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You are too fat for this ride

focus group dialogue, originally uploaded by bijoubaby.

When I visited Disney World, lo these many years ago, we had a tragic/hilarious experience on the old Pirates of the Caribbean ride. Our boats suddenly stopped in their tracks, and we remained stuck for what felt like a very long time. While we waited, the audio track looped and the animatronic pirates went OCD on us, chasing girls in circles and taking swig after swig from bottles of rum.

Eventually, a Disney "Cast Member" came along and helped an obese person to disembark from a boat further up the line. Relieved of its excess weight, the boat buoyed up again and the ride continued. According to MiceAge ("its [sic] a larger world after all"--scroll down to the third article), the phenomenon is more common than I realized. Disney is doing renovations on the Small World ride for this very reason:

Quite simply, the boats weren't designed to handle multiple adults weighing more than 200 pounds, and they now routinely bottom out in the shallow flume and get stuck. The Imagineers who designed the unique flume ride system for the World's Fair assumed that adult men would average 175 pounds, and adult women would average 135 pounds. Needless to say, those 1960's statistics are hopelessly out of date in today's world.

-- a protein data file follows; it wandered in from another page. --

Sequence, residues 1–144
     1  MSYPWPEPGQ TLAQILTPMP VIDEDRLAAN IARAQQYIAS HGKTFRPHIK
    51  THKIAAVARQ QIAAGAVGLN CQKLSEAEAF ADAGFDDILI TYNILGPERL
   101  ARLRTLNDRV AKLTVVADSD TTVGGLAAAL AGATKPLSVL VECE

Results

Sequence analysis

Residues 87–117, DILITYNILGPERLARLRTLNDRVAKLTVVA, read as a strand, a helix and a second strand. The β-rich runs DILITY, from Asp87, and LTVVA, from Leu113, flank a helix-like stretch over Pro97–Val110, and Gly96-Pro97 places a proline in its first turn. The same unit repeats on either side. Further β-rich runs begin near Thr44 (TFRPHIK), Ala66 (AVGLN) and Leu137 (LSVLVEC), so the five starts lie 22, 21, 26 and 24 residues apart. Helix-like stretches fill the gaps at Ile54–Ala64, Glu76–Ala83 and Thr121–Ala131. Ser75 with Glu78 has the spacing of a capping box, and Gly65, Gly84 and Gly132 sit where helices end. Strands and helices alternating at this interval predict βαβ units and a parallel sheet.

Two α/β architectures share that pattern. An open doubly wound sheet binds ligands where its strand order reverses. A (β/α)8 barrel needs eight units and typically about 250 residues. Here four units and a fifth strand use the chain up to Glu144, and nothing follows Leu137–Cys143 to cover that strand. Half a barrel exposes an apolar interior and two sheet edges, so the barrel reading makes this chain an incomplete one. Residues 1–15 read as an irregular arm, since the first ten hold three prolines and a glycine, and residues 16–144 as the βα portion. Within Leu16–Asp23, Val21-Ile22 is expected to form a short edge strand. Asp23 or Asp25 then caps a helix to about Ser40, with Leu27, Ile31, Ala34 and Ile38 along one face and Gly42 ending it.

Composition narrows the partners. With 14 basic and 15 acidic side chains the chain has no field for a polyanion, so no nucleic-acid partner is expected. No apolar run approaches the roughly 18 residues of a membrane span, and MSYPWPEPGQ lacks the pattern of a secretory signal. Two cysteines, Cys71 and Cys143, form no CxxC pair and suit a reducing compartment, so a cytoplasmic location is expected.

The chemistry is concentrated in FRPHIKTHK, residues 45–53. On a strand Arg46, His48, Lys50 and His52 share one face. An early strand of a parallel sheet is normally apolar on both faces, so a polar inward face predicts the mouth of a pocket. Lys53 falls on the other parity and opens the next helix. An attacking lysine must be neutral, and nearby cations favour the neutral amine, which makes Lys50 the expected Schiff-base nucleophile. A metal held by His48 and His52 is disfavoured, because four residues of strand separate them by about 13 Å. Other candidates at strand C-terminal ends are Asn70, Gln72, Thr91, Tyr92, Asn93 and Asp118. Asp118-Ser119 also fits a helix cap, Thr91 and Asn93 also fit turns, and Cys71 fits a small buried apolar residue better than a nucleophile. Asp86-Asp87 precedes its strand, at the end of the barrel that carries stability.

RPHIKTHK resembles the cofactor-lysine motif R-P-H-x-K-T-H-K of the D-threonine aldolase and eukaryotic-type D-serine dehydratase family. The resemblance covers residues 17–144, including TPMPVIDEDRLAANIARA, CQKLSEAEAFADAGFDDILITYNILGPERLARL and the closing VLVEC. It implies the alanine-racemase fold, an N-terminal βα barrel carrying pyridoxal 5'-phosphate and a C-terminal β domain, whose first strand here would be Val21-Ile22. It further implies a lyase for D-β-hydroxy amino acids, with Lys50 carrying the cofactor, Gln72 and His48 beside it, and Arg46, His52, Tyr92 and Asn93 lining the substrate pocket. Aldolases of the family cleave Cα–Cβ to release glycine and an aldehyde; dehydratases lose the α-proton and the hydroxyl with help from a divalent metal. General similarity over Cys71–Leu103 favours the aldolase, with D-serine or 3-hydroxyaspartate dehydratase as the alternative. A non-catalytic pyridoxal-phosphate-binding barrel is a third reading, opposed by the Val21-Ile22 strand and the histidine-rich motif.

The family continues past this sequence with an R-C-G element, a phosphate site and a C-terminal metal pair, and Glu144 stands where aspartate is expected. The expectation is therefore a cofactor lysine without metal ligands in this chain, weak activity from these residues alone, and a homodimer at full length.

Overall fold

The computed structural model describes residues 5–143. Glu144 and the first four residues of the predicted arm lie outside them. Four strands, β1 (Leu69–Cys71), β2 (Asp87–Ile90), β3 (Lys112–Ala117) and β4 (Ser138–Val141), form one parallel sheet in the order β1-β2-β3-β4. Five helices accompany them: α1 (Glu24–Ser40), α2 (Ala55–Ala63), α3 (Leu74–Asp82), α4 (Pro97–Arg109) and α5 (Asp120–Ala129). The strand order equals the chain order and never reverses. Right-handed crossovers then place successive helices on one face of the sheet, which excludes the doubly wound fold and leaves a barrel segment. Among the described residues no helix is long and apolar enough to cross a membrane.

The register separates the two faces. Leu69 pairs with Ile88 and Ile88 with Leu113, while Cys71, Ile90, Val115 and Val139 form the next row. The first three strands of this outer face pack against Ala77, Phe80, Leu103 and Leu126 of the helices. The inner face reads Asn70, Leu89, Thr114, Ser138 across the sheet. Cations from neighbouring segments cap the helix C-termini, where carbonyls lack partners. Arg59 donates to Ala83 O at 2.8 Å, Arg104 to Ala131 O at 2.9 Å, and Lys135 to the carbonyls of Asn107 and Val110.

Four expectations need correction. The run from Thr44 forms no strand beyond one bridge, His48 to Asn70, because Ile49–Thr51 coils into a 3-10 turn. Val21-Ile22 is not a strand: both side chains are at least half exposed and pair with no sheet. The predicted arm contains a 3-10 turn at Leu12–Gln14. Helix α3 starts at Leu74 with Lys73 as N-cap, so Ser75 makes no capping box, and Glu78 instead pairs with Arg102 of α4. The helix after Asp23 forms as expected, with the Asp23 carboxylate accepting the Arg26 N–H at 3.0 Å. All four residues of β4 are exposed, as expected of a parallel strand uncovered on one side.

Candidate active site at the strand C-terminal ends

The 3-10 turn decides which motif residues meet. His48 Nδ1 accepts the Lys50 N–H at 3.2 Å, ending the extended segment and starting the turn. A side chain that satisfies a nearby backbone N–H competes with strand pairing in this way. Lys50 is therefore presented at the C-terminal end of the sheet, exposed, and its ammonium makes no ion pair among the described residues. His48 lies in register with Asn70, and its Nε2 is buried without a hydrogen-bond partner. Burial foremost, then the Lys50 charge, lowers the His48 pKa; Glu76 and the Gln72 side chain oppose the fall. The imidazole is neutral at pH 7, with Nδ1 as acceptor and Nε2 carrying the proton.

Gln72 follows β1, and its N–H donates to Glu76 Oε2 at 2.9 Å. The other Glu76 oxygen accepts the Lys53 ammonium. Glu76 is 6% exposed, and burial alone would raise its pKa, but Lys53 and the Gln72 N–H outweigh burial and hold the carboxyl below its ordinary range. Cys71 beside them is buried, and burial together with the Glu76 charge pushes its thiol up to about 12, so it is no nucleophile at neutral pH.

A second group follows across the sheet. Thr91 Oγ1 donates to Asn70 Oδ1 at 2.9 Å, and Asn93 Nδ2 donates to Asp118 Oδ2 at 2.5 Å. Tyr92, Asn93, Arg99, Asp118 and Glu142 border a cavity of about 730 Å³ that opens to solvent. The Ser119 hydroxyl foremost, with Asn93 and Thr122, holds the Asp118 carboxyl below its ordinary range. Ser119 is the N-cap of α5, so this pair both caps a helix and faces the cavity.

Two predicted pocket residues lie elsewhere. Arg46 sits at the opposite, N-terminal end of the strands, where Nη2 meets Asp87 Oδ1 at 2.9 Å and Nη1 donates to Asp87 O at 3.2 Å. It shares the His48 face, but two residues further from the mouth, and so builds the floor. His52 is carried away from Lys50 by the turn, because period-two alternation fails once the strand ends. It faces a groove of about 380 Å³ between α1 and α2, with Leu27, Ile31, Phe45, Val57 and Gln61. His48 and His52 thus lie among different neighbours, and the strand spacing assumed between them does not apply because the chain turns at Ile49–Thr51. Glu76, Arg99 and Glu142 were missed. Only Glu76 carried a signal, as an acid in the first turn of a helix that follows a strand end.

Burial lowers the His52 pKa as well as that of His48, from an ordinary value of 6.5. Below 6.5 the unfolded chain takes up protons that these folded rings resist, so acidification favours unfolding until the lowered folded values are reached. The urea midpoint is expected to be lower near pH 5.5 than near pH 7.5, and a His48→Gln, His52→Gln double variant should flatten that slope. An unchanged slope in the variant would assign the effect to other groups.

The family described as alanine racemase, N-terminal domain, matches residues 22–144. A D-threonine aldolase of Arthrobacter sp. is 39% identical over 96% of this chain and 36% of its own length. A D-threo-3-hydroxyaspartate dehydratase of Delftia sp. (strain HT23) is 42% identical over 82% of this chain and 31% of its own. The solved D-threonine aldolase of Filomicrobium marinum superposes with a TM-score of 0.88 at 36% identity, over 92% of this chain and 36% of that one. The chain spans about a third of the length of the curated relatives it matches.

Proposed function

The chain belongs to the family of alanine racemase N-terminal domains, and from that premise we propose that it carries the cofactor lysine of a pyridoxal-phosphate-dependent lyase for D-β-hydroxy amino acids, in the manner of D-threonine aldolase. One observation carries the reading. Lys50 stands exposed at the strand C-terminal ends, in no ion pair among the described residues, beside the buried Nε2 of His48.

Exactly how out-of-date are they? The CDC reports that average weight in 2002 was 191 pounds for men, and 164.3 pounds for women: "nearly 25 pounds heavier on average" than in 1960. Really, though, it's not the statistical average that's the problem; it's the hyper-obese outliers that break the system. Or it could be that the weight of a typical park goer in the fattest place on earth is slightly higher than the national average.


CM said...

Disturbing... but also, how humiliating is that?

There's a CDC power point presentation on their website that shows the growing obesity rates by state over the past 20 years or so. As the years go by, they have to add higher and higher weight categories and by now nearly every state has at least a 20% obesity rate. Each state is colored according to its rate and you can see the entire map growing redder and redder.

(Also - hi! Remember me from way back when you were thinking about law school? Seems like you're doing well and haven't looked back!)

Sui Generis said...

Hi CM! I know exactly what you're talking about, because I saw that data at my last job in health care. Here's a link to those trend maps for anyone else who wants to be horrified.